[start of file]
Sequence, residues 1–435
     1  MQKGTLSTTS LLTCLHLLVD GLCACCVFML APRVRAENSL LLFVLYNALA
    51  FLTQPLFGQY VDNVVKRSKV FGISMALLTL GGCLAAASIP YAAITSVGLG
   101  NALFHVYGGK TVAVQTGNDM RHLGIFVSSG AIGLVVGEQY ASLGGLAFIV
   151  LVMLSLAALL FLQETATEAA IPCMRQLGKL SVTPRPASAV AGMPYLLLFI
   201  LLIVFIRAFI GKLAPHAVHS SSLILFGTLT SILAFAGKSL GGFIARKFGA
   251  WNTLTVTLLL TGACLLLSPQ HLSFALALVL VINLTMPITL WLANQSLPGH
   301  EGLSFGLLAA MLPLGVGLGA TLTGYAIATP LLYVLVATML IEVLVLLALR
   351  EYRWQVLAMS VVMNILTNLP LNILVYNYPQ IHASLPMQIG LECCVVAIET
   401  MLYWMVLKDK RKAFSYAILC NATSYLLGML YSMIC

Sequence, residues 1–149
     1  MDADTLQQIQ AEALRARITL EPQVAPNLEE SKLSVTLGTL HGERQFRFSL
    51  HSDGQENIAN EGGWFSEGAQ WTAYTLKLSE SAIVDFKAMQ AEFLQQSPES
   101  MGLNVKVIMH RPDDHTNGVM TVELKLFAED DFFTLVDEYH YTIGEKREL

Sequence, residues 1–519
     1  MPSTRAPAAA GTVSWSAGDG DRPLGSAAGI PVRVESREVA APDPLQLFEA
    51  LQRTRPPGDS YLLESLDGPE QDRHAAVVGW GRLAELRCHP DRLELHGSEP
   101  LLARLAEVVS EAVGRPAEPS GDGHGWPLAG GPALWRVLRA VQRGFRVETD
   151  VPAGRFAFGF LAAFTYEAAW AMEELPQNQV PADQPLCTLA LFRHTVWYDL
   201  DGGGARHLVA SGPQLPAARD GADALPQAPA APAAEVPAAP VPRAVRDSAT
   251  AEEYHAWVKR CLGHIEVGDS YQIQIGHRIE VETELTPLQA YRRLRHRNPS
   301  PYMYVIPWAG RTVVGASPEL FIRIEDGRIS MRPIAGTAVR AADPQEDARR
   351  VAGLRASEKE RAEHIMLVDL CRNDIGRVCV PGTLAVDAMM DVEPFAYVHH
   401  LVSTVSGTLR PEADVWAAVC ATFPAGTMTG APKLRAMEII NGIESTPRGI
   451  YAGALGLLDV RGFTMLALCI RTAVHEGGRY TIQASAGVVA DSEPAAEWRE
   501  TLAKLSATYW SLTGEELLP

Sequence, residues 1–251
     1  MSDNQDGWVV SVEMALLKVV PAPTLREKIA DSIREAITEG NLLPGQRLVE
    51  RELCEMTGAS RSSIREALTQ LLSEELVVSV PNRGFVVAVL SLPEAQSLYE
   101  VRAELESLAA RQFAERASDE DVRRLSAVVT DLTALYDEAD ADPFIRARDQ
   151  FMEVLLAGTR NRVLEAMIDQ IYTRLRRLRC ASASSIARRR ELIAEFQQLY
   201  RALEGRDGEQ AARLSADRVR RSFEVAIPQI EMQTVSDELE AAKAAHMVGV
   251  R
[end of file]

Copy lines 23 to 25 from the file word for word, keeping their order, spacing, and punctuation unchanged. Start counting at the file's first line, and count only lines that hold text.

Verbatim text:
   351  VAGLRASEKE RAEHIMLVDL CRNDIGRVCV PGTLAVDAMM DVEPFAYVHH
   401  LVSTVSGTLR PEADVWAAVC ATFPAGTMTG APKLRAMEII NGIESTPRGI
   451  YAGALGLLDV RGFTMLALCI RTAVHEGGRY TIQASAGVVA DSEPAAEWRE